The stakes are high for all involved.
It may be the last chance for Serbian and ethnic Albanian leaders to avoid an all-out war over Kosovo.
For the United States and its NATO allies, their credibility, the future of the alliance, and the stability of southeastern Europe are at stake. It is also a test of whether Britain and France, eager to take on greater responsibility for European security, can erase the stain of their inaction in Bosnia. Russia, bankrupt and beset by turmoil, is struggling to retain what is left of its once-formidable influence.
Western mediators seemed encouraged Sunday by the two sides' acceptance of 10 basic principles for an interim deal. Yet optimism for a quick settlement was in short supply as talks began in earnest in the Chateau de Rambouillet, a 14th-century palace that is France's equivalent of Camp David.
Two weeks have been allotted for the negotiations. US officials hope only a week will be needed to reach a three-year interim accord on autonomy for Kosovo, a province of Serbia, which with Montenegro is all that remains of Yugoslavia. Kosovo's 2-million-majority ethnic Albanians back rebels fighting for independence from a decade of iron-fisted Serbian rule.
Some US officials concede that the final bargaining may ultimately have to be conducted directly in Belgrade with Yugoslav President Slobodan Milosevic. An autocrat who rose to power by using Kosovo to fan Serbian nationalism, the former Communist Party chief refused to attend the talks, dispatching instead a team of proxies.
It was within the marbled splendor of this same chateau that the late French President Charles deGaulle and Germany's first post-World War II chancellor, Konrad Adenauer, began the process of reconciliation. In contrast, the start of the Kosovo talks was marred by posturing that began even before the sides arrived in this small town 30 miles from Paris.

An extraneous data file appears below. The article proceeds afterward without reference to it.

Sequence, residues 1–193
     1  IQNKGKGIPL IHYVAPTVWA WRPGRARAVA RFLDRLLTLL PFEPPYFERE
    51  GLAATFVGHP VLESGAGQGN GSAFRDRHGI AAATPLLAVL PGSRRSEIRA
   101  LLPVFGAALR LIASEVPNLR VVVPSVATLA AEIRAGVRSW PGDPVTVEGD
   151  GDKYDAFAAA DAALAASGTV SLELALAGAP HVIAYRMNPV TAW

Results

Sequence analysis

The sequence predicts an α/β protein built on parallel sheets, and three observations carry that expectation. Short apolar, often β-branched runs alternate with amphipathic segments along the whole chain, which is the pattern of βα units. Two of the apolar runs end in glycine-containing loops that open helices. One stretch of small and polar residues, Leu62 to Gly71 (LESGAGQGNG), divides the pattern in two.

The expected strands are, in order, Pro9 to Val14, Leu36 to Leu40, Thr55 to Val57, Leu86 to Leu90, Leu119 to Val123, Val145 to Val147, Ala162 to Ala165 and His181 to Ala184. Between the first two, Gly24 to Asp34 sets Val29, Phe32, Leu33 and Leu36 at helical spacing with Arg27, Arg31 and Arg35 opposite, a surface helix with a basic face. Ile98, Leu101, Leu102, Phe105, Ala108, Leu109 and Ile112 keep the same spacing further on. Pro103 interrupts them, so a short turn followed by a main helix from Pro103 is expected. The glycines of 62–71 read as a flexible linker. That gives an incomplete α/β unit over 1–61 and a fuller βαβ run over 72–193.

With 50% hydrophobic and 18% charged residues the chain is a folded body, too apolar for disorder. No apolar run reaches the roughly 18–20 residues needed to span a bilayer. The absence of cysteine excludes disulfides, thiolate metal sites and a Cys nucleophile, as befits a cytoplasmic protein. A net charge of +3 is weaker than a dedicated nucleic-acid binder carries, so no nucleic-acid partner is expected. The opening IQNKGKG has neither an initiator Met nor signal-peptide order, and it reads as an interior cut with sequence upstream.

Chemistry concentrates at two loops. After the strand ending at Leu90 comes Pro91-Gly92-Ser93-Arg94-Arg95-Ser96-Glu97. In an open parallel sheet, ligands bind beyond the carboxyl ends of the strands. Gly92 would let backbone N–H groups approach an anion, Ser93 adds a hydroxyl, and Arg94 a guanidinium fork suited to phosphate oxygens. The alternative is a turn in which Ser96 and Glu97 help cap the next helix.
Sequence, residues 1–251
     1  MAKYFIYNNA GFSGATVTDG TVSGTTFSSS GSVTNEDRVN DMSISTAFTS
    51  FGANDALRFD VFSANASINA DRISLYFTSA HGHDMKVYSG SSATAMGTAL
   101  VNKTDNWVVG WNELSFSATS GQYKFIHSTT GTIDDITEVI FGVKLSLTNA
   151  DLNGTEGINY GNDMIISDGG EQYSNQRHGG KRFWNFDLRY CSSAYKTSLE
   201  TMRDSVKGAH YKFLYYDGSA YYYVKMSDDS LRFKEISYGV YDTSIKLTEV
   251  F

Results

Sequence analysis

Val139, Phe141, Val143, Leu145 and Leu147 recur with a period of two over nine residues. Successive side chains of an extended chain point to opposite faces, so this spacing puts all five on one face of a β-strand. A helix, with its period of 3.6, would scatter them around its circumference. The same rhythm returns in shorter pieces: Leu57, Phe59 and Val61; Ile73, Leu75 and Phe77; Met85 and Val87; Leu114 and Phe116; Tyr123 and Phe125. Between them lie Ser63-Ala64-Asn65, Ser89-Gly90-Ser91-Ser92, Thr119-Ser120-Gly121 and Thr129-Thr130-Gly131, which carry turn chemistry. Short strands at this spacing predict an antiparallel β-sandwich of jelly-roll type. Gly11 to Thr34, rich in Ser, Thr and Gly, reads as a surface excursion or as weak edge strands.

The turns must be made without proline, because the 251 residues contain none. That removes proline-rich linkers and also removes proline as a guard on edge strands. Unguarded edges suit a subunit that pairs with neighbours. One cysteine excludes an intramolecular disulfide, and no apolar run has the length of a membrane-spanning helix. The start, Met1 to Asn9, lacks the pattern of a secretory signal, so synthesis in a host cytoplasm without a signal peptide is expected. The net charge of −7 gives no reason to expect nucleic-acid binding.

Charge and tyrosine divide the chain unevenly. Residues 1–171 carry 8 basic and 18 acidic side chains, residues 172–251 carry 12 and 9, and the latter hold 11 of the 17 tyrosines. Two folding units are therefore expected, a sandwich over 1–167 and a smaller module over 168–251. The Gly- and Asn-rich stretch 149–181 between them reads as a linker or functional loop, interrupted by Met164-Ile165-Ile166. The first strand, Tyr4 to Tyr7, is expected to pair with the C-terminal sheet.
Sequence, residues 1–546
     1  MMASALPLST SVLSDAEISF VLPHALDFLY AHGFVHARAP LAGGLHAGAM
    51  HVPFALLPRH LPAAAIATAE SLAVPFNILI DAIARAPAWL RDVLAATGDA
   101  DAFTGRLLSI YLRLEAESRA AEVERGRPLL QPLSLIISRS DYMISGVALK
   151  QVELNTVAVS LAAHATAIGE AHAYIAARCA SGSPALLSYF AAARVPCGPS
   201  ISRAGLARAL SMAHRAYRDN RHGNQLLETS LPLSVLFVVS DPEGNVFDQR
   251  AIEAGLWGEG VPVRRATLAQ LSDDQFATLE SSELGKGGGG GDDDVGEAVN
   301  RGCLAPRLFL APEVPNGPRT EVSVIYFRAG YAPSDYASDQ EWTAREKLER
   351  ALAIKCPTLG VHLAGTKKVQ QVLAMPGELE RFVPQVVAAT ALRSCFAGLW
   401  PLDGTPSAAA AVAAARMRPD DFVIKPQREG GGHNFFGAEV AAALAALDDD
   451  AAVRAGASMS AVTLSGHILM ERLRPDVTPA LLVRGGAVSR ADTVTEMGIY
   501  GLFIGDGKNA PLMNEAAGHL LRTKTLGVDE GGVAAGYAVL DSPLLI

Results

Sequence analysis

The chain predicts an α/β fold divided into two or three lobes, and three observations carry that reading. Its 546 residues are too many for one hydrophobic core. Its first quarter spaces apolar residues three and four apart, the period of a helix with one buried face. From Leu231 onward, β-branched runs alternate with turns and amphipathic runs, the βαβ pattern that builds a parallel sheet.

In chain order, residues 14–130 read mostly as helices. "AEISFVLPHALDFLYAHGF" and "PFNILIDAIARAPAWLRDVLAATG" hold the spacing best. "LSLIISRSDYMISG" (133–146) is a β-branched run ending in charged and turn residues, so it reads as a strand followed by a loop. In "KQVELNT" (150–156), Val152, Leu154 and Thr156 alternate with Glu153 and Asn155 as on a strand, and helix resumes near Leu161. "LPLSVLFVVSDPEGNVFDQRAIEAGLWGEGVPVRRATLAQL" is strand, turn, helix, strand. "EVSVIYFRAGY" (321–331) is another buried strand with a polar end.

Yugoslavia refused to allow two ethnic Albanian rebel negotiators to fly out of Pristina, Kosovo's capital, because they lacked passports, threatening the talks. In a rare show of unity, the rest of the 15-member ethnic Albanian delegation declined to leave. Diplomatic pressure on Mr. Milosevic ended the impasse Saturday.
Then, Serbian Deputy Prime Minister Ratko Markovic, after arriving in Paris, declared that his 13-member team would not negotiate - directly or indirectly - with "terrorists" of the Kosovo Liberation Army (KLA). The move was aimed at limiting its dialogue to one with Ibrahim Rugova, a moderate who is believed willing to drop the demand for independence in return for substantial autonomy.
Furthermore, while agreeing to attend the talks, Belgrade rejected the proposed deployment of up to 35,000 NATO troops - including as many as 4,000 Americans - in Kosovo to police any peace agreement. Some experts see that stand as a bargaining chip Belgrade hopes to trade for an end to crushing economic sanctions it has been under since 1992 because of its role in fomenting the war in Bosnia.